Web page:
Why Borderline Personality Disorder Is Considered The Most “Difficult” To Treat

Borderline personality disorder (BPD) is defined by the National Institute of Health (NIH) as a serious mental disorder marked by a pattern of ongoing instability in moods, behavior, self-image, and functioning. Due to this, unstable relationships and impulsive behavior often occur. A person with BPD may experience stress-related paranoid thoughts, dissociative symptoms, inappropriate and intense anger issues, chronic feelings of emptiness, and more. The National Alliance on Mental Illness (NAMI) estimates that 1.6% of the U.S. population has BPD, but it may be as high as 5.9%. Nearly 75% of the people diagnosed with BPD are women, but men have been misdiagnosed in the past.

According to Dr. Thomas Lynch, assistant professor of psychology at Duke University and the Duke University Medical Center, individuals with BPD “exhibit chronic, pervasive problems getting along with people in all kinds of different contexts…and this includes therapists.” The American Psychological Association (APA) noted that while individuals with BDP may be quick to open to a therapist, they may be even quicker to shut down. APA also claimed that while people with BPD often seek out treatment, many tend to leave therapy. It is suggested that individuals with BPD may be triggered easily in therapy, which can be difficult for them to regulate those emotions and work with their therapist.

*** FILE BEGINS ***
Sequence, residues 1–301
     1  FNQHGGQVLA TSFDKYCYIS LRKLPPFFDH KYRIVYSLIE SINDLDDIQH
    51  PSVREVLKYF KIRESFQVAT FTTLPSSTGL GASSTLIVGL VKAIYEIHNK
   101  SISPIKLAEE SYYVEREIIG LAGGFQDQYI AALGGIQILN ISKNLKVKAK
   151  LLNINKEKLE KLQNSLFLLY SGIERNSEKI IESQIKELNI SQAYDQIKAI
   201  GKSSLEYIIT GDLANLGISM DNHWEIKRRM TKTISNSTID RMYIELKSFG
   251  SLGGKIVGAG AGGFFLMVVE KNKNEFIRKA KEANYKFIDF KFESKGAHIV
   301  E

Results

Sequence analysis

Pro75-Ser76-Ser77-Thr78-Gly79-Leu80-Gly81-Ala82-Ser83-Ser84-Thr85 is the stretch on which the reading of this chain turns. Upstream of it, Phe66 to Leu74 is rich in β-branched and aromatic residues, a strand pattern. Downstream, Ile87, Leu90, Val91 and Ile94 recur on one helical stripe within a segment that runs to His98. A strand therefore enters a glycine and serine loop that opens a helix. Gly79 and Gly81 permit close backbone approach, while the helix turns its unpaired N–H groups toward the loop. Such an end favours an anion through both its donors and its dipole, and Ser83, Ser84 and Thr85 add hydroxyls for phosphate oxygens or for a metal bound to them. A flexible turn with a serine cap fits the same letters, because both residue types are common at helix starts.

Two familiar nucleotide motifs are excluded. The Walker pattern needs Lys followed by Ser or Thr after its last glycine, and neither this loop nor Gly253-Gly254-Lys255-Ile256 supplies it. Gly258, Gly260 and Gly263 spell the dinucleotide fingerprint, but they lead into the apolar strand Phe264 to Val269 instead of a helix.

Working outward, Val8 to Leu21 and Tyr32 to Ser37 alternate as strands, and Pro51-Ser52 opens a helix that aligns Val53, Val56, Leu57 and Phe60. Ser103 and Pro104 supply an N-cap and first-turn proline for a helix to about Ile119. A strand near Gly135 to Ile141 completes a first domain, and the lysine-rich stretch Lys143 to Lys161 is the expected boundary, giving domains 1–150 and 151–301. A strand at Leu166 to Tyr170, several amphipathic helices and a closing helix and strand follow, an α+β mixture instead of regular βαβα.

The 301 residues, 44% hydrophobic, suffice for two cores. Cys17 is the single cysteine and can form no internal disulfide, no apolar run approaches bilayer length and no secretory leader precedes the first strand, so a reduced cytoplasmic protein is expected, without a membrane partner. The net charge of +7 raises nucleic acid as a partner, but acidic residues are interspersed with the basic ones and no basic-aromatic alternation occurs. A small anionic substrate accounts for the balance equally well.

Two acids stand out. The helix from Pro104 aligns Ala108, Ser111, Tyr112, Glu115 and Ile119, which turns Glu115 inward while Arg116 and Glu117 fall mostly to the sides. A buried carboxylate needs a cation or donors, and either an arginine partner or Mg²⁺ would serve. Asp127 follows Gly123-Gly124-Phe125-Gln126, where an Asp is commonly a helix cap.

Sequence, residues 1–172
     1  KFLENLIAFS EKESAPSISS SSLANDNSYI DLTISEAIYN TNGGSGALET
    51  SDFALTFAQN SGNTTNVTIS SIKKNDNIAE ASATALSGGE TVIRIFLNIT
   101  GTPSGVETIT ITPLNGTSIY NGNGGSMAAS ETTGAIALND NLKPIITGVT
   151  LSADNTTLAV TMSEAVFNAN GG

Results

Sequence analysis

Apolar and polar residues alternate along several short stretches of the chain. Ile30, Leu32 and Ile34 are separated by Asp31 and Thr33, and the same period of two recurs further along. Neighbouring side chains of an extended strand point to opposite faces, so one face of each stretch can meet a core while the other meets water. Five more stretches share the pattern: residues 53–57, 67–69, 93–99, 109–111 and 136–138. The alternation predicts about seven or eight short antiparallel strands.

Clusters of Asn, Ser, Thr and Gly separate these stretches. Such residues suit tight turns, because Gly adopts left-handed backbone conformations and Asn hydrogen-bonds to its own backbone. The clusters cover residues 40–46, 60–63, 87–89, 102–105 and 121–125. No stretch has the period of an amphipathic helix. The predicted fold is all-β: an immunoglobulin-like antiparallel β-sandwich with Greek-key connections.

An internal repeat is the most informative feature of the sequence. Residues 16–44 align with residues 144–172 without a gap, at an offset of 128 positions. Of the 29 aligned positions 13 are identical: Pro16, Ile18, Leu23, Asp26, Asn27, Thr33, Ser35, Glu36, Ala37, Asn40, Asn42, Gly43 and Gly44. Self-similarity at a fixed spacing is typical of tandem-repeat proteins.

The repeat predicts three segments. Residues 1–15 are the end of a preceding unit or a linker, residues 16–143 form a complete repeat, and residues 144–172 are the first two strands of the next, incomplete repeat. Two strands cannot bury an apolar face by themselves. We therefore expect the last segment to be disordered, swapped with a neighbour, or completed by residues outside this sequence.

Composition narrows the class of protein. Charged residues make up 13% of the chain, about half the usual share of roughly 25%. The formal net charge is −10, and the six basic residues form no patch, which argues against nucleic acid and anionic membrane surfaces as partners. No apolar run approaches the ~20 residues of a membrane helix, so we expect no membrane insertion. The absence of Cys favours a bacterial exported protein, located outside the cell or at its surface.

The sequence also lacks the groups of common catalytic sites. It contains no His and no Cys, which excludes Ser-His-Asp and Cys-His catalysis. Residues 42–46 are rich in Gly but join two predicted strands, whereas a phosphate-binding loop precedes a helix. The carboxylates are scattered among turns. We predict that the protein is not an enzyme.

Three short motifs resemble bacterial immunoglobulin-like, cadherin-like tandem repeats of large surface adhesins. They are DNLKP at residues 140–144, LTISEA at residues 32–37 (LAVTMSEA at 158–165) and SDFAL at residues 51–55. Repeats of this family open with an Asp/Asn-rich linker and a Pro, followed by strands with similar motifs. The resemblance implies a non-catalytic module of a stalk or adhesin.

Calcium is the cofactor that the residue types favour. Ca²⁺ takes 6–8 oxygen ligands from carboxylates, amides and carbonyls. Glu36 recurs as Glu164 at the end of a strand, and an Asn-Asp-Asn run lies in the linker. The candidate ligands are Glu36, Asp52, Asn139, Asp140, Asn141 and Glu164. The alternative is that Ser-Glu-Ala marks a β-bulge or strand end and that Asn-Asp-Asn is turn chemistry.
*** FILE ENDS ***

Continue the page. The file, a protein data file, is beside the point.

A call to action is provided to therapists, because understanding the client’s reality and their emotions may help to work with them in a more collaborative way. Dr. Lynch further describes this by stating, “They never gain a sense that their needs, wants and desires are reasonable.” David M. Allen, author of the book, How Dysfunctional Families Spur Mental Disorders: A Balanced Approach to Resolve Problems and Reconcile Relationships, told Psychology Today in 2015 that people with BPD often have families that counteract the work done by a therapist. He noted that while not true for all, many families often only elicit love and concern by misery, sickness, and debilitation. Family chaos for individuals with BPD include them being blamed for problems and treated as the “black sheep” of the family.

 

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